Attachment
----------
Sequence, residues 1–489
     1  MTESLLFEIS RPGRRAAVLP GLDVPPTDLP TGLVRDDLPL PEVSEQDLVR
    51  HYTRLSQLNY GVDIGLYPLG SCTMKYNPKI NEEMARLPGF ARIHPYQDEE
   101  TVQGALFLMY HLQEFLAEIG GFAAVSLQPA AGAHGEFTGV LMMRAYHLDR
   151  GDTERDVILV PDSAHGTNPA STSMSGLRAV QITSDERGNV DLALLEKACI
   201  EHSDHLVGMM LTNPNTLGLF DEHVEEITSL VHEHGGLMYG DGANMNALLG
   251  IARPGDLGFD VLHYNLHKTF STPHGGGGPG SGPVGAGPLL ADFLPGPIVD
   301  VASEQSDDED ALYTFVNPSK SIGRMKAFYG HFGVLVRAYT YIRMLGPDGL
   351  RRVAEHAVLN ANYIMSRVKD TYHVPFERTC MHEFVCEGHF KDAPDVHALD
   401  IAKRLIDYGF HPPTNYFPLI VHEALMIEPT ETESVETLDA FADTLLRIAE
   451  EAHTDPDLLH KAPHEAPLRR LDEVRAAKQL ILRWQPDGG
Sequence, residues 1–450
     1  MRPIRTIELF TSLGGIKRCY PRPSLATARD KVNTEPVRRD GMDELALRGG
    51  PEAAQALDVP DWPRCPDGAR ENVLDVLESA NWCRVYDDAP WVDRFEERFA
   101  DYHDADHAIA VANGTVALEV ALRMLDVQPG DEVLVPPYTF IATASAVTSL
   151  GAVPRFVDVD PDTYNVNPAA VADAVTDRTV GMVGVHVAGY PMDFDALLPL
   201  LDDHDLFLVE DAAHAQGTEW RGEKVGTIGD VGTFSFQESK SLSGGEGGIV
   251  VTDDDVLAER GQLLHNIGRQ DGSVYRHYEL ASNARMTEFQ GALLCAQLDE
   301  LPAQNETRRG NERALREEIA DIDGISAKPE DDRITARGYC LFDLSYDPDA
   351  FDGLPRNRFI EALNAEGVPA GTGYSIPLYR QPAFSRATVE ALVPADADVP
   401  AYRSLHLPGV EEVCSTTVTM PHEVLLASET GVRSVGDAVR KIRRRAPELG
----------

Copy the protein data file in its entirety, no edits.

Sequence, residues 1–489
     1  MTESLLFEIS RPGRRAAVLP GLDVPPTDLP TGLVRDDLPL PEVSEQDLVR
    51  HYTRLSQLNY GVDIGLYPLG SCTMKYNPKI NEEMARLPGF ARIHPYQDEE
   101  TVQGALFLMY HLQEFLAEIG GFAAVSLQPA AGAHGEFTGV LMMRAYHLDR
   151  GDTERDVILV PDSAHGTNPA STSMSGLRAV QITSDERGNV DLALLEKACI
   201  EHSDHLVGMM LTNPNTLGLF DEHVEEITSL VHEHGGLMYG DGANMNALLG
   251  IARPGDLGFD VLHYNLHKTF STPHGGGGPG SGPVGAGPLL ADFLPGPIVD
   301  VASEQSDDED ALYTFVNPSK SIGRMKAFYG HFGVLVRAYT YIRMLGPDGL
   351  RRVAEHAVLN ANYIMSRVKD TYHVPFERTC MHEFVCEGHF KDAPDVHALD
   401  IAKRLIDYGF HPPTNYFPLI VHEALMIEPT ETESVETLDA FADTLLRIAE
   451  EAHTDPDLLH KAPHEAPLRR LDEVRAAKQL ILRWQPDGG
Sequence, residues 1–450
     1  MRPIRTIELF TSLGGIKRCY PRPSLATARD KVNTEPVRRD GMDELALRGG
    51  PEAAQALDVP DWPRCPDGAR ENVLDVLESA NWCRVYDDAP WVDRFEERFA
   101  DYHDADHAIA VANGTVALEV ALRMLDVQPG DEVLVPPYTF IATASAVTSL
   151  GAVPRFVDVD PDTYNVNPAA VADAVTDRTV GMVGVHVAGY PMDFDALLPL
   201  LDDHDLFLVE DAAHAQGTEW RGEKVGTIGD VGTFSFQESK SLSGGEGGIV
   251  VTDDDVLAER GQLLHNIGRQ DGSVYRHYEL ASNARMTEFQ GALLCAQLDE
   301  LPAQNETRRG NERALREEIA DIDGISAKPE DDRITARGYC LFDLSYDPDA
   351  FDGLPRNRFI EALNAEGVPA GTGYSIPLYR QPAFSRATVE ALVPADADVP
   401  AYRSLHLPGV EEVCSTTVTM PHEVLLASET GVRSVGDAVR KIRRRAPELG